is today, we are having a hard time to grow at the 8 to 10 percent being attained by our

neighbors because we do not have sufficient capital from our domestic savings. What is

ironical is that a country like China saves 50 percent of its GDP (compared to our less than 30

percent). Even with their high rate of savings, the Chinese are still able to make use of $60
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billion of FDIs annually. That is why they have been growing at double-digit rates for

decades.

The case of media is especially complex. Although it is not a very capital-intensive

sector in itself, media is converging with telecommunications and information technology

into one industry. It is hard to tell what is a media enterprise as distinguished from telecom

and information technology as can be gleaned from the Murdoch global enterprises, the

Microsofts, Googles, Yahoos, Time-Warners, Apples, etc. Our limiting foreign ownership in

any one of these industries will leave us light years behind in a converging sector where

technological change is happening at a breathtaking pace. Instead of limiting ownership in

these sectors, our legislators should frame competition policies so that monopolies and

oligopolies do not injure the consumers. What actually happens because of the limit to

foreign participation in these industries is that the Filipino-owned enterprises are sometimes

able to earn monopoly or oligopoly profits. All public utilities should follow the example of

the electricity industry where there is more leeway for foreign ownership of specific

enterprises in the value chain.

Education is another sector which should be opened up to foreign investment. There

are world-class universities from the U.S. and Europe that are seeking a strong presence in

the emerging markets where the university-age population is still growing very rapidly.

Especially in Europe, because of the very low fertility rate, there is a very pronounced decline

in the number of students going to the universities. In fact, many schools have closed for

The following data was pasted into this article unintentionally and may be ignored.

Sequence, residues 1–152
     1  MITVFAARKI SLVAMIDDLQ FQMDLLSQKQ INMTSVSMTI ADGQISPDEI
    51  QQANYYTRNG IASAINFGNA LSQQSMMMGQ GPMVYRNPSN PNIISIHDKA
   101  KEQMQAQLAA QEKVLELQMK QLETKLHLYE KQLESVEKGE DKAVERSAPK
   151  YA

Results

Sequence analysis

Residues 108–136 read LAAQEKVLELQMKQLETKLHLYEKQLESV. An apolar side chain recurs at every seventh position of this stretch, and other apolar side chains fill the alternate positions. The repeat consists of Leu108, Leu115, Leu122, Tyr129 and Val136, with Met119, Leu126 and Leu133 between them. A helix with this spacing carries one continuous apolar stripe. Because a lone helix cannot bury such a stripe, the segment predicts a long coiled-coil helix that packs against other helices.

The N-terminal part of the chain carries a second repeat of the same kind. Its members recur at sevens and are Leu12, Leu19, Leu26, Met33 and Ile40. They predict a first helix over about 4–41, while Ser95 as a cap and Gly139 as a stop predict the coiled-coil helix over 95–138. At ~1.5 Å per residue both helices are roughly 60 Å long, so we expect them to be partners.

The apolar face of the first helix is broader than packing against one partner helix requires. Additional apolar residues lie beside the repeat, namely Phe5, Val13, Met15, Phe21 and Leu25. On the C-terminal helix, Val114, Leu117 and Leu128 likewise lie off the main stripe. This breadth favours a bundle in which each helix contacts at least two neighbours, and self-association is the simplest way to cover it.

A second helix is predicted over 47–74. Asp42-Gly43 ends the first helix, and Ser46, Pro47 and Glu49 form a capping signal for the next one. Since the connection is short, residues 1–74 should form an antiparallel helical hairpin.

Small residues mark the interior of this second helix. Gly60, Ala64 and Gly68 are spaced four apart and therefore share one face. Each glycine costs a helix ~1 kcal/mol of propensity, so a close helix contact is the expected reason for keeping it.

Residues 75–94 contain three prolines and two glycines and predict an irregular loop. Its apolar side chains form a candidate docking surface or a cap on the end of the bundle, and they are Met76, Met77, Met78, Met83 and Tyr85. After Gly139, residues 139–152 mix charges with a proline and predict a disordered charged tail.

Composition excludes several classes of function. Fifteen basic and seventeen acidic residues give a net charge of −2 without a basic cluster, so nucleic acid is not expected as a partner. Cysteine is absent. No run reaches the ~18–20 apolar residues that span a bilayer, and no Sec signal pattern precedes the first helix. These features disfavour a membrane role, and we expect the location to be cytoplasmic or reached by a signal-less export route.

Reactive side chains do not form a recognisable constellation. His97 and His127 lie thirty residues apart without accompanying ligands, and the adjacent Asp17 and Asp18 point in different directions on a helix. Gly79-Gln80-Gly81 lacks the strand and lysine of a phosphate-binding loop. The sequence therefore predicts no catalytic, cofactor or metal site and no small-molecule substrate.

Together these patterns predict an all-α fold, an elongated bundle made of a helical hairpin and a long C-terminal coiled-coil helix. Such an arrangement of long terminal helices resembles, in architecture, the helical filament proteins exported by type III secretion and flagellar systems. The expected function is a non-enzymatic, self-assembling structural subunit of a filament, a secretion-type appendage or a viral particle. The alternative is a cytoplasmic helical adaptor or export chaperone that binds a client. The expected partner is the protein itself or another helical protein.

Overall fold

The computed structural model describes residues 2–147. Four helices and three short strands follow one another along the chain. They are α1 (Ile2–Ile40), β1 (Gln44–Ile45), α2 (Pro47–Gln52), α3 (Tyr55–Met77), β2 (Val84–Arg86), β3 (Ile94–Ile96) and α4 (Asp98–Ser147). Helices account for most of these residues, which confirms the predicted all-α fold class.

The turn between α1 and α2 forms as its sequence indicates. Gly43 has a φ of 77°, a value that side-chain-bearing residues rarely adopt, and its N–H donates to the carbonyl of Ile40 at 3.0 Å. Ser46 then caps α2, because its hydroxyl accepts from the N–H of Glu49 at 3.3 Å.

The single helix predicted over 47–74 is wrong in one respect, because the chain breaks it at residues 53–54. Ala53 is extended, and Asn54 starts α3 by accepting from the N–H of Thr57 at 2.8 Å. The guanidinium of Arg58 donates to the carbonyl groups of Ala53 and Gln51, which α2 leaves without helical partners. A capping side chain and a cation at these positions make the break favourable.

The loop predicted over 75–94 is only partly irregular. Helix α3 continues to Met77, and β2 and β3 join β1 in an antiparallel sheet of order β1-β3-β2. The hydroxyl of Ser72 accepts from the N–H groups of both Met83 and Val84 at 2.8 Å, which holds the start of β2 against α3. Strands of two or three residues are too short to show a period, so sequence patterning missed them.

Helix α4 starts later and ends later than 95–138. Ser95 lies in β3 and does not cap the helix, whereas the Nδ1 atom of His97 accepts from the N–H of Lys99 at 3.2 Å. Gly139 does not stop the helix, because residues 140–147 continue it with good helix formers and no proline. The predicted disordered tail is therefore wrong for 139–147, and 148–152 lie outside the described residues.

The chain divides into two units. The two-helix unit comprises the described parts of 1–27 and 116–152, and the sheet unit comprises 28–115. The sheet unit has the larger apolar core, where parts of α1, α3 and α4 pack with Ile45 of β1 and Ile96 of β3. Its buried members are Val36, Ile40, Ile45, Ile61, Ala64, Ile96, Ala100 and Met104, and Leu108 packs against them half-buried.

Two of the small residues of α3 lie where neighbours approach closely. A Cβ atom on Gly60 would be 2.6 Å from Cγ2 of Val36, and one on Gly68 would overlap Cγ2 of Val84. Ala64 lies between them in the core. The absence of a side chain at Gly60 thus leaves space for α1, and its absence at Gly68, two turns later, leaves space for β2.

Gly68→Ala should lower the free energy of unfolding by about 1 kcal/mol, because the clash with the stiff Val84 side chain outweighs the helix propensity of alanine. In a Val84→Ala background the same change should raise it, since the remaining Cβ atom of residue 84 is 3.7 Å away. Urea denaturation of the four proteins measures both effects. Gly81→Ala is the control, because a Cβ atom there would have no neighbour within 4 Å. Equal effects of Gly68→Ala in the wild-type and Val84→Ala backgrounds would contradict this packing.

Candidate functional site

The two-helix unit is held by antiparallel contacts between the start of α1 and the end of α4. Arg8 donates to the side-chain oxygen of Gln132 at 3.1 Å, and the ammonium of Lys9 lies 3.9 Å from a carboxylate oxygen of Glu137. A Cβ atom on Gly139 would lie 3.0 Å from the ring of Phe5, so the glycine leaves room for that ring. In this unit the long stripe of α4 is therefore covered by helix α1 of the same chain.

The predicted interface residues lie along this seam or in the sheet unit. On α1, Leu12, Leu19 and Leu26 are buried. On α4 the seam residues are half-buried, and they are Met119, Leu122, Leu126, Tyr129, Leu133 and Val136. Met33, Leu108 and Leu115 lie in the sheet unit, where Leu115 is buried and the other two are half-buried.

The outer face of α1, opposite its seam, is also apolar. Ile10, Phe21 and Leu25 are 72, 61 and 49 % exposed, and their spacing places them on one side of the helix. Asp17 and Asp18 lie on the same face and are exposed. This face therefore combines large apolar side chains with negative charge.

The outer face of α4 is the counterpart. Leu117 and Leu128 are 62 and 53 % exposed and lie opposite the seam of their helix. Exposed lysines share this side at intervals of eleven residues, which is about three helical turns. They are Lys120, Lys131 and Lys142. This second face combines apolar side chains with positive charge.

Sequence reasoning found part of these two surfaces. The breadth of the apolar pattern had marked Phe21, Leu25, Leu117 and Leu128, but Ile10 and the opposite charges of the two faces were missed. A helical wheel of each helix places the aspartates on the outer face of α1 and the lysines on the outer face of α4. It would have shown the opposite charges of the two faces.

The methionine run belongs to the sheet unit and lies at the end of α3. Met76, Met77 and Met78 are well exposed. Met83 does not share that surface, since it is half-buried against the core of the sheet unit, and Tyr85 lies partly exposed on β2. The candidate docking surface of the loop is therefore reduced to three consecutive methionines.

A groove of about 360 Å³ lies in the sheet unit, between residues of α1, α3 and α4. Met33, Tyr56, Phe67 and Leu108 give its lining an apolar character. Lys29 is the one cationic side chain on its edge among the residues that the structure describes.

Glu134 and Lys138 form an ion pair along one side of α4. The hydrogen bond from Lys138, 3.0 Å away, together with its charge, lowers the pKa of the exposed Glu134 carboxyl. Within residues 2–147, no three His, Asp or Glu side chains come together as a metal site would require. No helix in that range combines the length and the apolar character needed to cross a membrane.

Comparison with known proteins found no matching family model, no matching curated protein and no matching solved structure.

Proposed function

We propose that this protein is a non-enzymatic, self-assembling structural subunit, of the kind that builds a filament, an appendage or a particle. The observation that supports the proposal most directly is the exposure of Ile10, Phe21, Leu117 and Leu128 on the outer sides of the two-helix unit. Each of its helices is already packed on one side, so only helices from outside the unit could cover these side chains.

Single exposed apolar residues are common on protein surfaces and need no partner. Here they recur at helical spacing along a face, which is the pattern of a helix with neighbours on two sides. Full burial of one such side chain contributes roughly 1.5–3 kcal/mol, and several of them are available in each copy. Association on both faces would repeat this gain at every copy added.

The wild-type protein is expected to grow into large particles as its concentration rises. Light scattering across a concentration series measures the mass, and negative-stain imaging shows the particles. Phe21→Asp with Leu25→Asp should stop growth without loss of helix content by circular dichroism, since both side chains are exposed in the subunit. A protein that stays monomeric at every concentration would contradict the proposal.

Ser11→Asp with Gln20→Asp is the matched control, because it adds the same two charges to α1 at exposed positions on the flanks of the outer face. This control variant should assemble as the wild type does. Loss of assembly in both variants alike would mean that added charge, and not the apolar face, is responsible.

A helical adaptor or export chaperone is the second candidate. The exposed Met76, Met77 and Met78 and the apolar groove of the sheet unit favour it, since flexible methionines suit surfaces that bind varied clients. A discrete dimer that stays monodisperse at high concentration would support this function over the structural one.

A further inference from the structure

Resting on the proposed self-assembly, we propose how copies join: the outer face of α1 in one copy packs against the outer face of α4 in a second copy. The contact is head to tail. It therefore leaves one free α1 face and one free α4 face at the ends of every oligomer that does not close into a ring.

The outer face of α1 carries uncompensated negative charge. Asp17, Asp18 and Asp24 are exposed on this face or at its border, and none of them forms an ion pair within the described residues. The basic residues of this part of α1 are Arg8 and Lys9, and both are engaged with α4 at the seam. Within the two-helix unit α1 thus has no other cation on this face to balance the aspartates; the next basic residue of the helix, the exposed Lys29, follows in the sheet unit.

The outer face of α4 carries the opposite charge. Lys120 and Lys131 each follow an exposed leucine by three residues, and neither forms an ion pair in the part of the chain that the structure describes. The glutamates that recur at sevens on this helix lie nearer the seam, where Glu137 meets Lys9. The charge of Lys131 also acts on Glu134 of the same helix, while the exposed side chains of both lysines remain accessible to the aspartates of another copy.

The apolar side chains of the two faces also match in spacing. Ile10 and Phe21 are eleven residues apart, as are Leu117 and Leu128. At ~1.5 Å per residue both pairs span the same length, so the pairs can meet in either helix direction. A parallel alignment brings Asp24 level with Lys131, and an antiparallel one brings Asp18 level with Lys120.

lack of students. Some of these educational institutions are already running campuses in

Singapore, Malaysia, Thailand, and China. There is no reason why the Philippines should be

closed to such foreign-owned universities that can do much to improve our university

education, especially in engineering and the sciences. The answer is not in partnering with

local universities. From my conversations with some of these universities in Europe, they
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would want to have complete control of the educational policies. Their experience with

partnering with local investors has not been positive. Maintaining the high quality of

education is a very demanding task. Being forced to have local partners can straightjacket the

foreign groups that want to invest in education. Again, what our legislators should do is to

pass laws that will ensure that these foreign-owned universities will truly contribute to the

education of our youth as productive citizens of the nation.

Let us challenge the Philippine Congress to focus on these few changes in the economic

provisions contained in the Philippine Constitution. They can make the amendments without

the need for a Constitutional Convention. They can just constitute themselves into an

Assembly that can propose the changes limited to the economic provisions. These changes

can then be ratified by the electorate in the general elections in 2010. I hope Speaker

Nograles and the House he leads are listening to the voices of the business leaders. It is

inspiring that the Filipino business community is shedding the ultra-nationalistic and

protectionist spirit that has prevailed in the Philippines for almost half a century. It is clear

that our business leaders are not afraid of foreign competition. They can compete in a truly

globalized environment. For comments, my email address is bvillegas@uap.edu.ph.